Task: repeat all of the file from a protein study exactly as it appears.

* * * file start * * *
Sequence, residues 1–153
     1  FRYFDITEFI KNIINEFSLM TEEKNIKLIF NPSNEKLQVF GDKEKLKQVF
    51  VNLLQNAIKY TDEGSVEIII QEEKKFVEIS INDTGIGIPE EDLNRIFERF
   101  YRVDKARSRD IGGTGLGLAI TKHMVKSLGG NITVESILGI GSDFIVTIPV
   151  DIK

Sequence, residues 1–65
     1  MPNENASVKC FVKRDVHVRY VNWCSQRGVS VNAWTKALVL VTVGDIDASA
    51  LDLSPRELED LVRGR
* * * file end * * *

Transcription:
Sequence, residues 1–153
     1  FRYFDITEFI KNIINEFSLM TEEKNIKLIF NPSNEKLQVF GDKEKLKQVF
    51  VNLLQNAIKY TDEGSVEIII QEEKKFVEIS INDTGIGIPE EDLNRIFERF
   101  YRVDKARSRD IGGTGLGLAI TKHMVKSLGG NITVESILGI GSDFIVTIPV
   151  DIK

Sequence, residues 1–65
     1  MPNENASVKC FVKRDVHVRY VNWCSQRGVS VNAWTKALVL VTVGDIDASA
    51  LDLSPRELED LVRGR